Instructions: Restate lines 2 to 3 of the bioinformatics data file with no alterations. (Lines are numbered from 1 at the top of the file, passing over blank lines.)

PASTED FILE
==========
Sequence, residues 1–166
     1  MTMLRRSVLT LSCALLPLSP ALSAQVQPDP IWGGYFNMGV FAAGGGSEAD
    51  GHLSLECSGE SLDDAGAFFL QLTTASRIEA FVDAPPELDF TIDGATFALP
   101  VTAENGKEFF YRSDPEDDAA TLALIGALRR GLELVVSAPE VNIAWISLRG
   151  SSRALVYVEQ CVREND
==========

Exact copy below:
     1  MTMLRRSVLT LSCALLPLSP ALSAQVQPDP IWGGYFNMGV FAAGGGSEAD
    51  GHLSLECSGE SLDDAGAFFL QLTTASRIEA FVDAPPELDF TIDGATFALP